Cash Strapped Developers Say Multi-storey Primary Schools Are The Future

PUBLISHED: 16:39 27 July 2009 | UPDATED: 10:58 04 May 2010

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CASH strapped developers have called for multi-storey primary schools to be considered for Cambridgeshire as a way of saving money. The revolutionary plan has been offered up as a way of reducing the amount house builders pay to the county council for pri

CASH strapped developers have called for multi-storey primary schools to be considered for Cambridgeshire as a way of saving money.

The revolutionary plan has been offered up as a way of reducing the amount house builders pay to the county council for primary school provision on new housing estates.

With house building in Cambridgeshire severely slowed - or stopped altogether in some areas because of the economic crisis- developers say they can no longer afford to pay the £7 million expected of them for schools in new communities.

"The changed economic circumstances do need to be recognised," says Ian Trafford, education capital projects manager for the county council.

Whilst recognising that the council has planned on the basis that new schools will be wholly funded by the developers via section 106 planning agreements, he also believes the county council cannot compromise on its requirements.

"The council cannot deliver savings that are attributed to design solutions where they do not exist," says Mr Trafford.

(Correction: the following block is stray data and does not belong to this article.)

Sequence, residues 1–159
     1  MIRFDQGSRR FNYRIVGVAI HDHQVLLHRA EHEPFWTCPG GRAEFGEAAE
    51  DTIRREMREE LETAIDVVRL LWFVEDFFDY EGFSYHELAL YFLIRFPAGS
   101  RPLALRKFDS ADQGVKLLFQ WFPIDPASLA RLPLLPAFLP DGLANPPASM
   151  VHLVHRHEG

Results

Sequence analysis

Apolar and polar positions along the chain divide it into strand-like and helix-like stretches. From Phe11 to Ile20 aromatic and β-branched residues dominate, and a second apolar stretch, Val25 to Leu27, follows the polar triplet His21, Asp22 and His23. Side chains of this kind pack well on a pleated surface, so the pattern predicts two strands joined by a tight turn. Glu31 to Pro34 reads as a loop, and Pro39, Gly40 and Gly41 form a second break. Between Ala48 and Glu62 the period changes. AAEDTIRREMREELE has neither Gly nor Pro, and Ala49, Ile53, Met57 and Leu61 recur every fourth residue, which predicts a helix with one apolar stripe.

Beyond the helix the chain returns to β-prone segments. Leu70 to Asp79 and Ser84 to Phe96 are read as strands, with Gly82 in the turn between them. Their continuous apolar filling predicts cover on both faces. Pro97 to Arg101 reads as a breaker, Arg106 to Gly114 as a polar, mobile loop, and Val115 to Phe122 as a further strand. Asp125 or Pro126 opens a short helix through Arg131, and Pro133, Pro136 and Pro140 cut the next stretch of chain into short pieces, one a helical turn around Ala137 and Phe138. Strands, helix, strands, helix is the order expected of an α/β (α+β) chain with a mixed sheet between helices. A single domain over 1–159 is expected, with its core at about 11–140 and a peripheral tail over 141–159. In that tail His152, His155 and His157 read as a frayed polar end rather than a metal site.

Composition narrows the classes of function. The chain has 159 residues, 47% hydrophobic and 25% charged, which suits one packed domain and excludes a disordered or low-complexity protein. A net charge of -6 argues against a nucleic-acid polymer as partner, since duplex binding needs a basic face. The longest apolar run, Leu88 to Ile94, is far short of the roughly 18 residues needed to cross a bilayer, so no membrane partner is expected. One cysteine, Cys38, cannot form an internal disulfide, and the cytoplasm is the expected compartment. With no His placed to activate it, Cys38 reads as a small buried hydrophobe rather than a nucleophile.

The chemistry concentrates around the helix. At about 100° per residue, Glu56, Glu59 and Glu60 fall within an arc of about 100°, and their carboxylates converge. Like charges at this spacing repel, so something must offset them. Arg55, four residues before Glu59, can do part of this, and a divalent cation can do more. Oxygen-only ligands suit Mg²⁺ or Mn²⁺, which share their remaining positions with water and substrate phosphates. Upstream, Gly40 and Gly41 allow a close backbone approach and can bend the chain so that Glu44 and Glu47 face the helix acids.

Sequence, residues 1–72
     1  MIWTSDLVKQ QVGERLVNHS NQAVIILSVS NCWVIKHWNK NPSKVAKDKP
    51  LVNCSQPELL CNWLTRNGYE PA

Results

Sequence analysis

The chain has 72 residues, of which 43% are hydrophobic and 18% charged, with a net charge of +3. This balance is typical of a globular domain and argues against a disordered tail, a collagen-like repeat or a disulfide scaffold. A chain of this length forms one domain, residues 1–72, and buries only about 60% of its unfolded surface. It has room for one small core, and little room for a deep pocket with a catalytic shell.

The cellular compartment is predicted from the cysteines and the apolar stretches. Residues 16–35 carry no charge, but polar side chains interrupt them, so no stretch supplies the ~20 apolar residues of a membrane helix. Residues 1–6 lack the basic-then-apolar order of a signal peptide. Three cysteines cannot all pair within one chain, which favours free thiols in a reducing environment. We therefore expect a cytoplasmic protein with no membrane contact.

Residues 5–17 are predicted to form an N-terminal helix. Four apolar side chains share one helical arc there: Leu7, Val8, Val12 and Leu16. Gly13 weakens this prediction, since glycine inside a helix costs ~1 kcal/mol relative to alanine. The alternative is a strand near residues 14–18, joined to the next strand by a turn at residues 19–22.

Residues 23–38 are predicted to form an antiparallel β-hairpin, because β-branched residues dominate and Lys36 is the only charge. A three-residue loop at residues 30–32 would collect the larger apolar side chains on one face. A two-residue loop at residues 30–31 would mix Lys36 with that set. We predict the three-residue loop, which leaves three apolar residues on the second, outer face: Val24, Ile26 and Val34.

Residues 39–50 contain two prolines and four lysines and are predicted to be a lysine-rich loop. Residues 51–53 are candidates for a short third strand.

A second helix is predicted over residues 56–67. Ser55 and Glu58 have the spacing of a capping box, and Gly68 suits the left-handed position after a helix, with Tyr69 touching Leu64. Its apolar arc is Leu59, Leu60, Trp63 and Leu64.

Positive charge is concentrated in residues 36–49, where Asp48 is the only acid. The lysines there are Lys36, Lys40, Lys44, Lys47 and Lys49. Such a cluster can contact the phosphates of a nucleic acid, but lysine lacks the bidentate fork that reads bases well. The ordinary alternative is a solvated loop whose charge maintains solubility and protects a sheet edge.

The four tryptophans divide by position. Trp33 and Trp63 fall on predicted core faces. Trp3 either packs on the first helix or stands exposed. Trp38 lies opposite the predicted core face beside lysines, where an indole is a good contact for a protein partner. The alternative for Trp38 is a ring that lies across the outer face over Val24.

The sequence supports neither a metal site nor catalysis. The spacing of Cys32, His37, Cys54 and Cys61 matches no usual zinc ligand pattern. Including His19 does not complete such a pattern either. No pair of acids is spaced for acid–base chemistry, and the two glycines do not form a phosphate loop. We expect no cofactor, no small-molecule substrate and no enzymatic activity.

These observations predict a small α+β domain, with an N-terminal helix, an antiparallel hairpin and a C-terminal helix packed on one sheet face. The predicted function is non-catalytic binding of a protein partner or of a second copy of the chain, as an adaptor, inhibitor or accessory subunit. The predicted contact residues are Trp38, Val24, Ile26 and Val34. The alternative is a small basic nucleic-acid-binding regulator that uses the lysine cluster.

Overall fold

The issue has pre-occupied the children and young people's policy development group throughout this year and a report to Cabinet this month was deferred for further discussion in the autumn.

Mr Trafford says sites of 2.3 hectares for primary schools have been sought on the Clay Farm and Trumpington Meadows developments in the Cambridge Southern Fringe, off Huntingdon Road in the north west fringe of Cambridge, and at Northstowe.

"The economic downturn and fall in asset prices has had an impact upon the potential viability of many housing developments," says Mr Trafford.

The council was approached by Cambridgeshire Horizons to consider alternative methods of funding, and "it is clear that new approaches need to be considered given the radically changed economic circumstances that are now faced compared to when these developments were first planned".

Mr Trafford says: "Projections of the level of s106 funding available, while ensuring that the developments are commercially viable, have had to be reduced significantly. "

He says it is "entirely appropriate" that service infrastructure costs are re-examined but councillors are yet to be convinced multi storey options are a way forward.

Comparisons to Germany, where multi storey primary schools are commonplace, have been dismissed because of the wider community use expected in English schools. German schools focus more narrowly on formal education, they finish at lunchtime and so do not need major movements around the school, and there is no requirement for a daily collective act of worship.

Mr Trafford says an impact on the performance of new schools is difficult to quantify but he believes multi storey designs and reduction in site area can have a negative impact but there are examples from around the country of where schools occupy buildings of two storeys or more and management strategies put into place accordingly.

"In terms of construction costs, the addition of storeys contributes few savings," he says. Lifts would be needed, structural components and stairs, stairwells and lobbies occupy more space, and labour time is increased over a building on a number of levels.

"The county council research undertaken on the issue concluded that single storey or multi storey builds were broadly equivalent in their construction costs," he concluded.

Cabinet has postponed a decision until September to allow for more discussions on the issues.


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